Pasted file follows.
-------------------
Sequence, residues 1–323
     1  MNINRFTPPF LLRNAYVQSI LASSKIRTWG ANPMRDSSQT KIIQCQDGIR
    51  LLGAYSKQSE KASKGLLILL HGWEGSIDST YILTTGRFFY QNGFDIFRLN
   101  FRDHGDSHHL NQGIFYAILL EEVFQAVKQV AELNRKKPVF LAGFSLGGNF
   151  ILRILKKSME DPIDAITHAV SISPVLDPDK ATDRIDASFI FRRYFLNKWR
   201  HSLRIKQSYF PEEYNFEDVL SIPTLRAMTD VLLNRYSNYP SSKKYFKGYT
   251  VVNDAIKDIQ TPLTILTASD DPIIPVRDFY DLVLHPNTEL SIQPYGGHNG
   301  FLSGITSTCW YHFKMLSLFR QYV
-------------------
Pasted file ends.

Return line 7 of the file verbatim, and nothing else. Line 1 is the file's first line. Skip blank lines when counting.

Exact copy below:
   251  VVNDAIKDIQ TPLTILTASD DPIIPVRDFY DLVLHPNTEL SIQPYGGHNG